Several transcriptions have been made of the passenger list of the Brig Helen and Elise but I particularly like the one that was done at the following website:

When Judie Cale Nelson made this transcription back in 2000, her reading of the passenger list led her to assume that all of the passengers were going to Texas.  Ms. Nelson paid particular attention to the names of the villages that were listed as the place of origin for these immigrants.  This is very rare to find the names of the hometowns on a passenger list. The transcription by Ms. Nelson is very helpful because it provides geographic context for the location of the villages of this group of German immigrants.

The two Eggert families on the passenger list came from Brome and Steimke.  According to Ms. Nelson, the villages of Brome, Steimke, Parsau, Apenburg, Ahnebeck, Jübar and Germenau are all near each other and located NE of Braunschweig also known as Brunswick.  These places are also close to a place named Wolfsburg which you may recognize as the location of the Volkswagen headquarters and the largest car plant in the world.  There is another village named Steimke NW of Brome.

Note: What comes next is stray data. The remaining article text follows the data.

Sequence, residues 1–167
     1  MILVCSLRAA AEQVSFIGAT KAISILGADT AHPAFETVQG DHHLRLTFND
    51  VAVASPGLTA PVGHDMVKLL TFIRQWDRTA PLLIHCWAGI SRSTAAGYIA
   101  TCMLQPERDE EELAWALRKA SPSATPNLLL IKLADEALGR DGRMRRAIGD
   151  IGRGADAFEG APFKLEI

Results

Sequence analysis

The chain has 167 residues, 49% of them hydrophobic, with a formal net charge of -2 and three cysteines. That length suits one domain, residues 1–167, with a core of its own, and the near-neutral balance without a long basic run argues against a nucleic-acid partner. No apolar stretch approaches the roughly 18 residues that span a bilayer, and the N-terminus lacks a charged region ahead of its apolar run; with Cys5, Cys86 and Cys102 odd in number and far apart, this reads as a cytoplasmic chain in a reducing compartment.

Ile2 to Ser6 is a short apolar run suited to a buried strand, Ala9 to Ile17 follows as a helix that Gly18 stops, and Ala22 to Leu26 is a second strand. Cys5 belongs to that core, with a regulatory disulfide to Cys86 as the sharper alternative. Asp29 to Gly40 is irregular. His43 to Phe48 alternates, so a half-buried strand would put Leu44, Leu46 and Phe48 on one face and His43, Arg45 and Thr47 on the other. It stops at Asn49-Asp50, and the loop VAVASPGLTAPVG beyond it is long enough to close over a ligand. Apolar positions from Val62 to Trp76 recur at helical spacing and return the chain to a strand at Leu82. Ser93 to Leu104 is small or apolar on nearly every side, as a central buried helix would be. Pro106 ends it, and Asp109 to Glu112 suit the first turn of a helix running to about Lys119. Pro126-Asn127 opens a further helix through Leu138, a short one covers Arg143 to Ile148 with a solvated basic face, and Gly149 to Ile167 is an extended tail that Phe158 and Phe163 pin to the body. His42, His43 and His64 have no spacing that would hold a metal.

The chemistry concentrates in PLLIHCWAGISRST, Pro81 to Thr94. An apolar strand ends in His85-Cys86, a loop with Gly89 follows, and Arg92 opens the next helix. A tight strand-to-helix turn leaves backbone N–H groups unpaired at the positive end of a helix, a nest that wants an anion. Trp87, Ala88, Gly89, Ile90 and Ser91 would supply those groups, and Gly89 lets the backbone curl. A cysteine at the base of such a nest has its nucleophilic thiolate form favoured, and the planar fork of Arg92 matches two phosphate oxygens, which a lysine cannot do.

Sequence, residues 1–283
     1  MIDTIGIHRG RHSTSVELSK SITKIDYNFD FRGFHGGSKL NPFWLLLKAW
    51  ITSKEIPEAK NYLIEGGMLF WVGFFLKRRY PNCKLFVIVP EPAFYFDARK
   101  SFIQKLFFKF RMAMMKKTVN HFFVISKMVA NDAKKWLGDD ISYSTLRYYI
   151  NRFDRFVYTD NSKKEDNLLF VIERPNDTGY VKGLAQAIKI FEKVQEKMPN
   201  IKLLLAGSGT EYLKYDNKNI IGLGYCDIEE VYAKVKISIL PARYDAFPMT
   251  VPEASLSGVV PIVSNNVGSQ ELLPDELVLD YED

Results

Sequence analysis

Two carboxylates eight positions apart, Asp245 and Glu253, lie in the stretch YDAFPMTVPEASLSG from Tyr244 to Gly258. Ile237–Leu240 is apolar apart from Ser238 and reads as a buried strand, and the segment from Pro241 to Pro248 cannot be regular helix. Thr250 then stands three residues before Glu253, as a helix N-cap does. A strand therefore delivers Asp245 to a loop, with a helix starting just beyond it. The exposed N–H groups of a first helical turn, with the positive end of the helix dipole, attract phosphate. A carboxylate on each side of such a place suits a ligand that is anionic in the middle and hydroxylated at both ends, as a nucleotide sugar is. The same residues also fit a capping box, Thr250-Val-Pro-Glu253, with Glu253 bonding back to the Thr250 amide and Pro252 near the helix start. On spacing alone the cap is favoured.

The names on this passenger list bear further scrutiny as they become part of the FAN club [Friends, associates, neighbors] for the Eggert family.

The mention of Confederate service in the obituary is supported by the following two citations:
(Clayton Library), Under Three Flags, Register of Veterans of All Wars, 1839-1889, pg. 48, #315. copyright 1996, George Washington Chapter, National Society Daughters of the American Revolution, c/o Mrs. Rose Mary Fritz, 5001 Casa Grande, Dickinson, TX 77539-7504.
C.W. Eggert, Pilot
Born Dec. 4, 1841 Prussia
Residence: Galveston, Texas
Came to Texas 1846
Service: Confederate, Gen. Bates Marine Dept., Brazos River
The Houston Post, Sunday, December 30, 1962, by Gayle McNutt, page 9, Section I, "Battle of Galveston."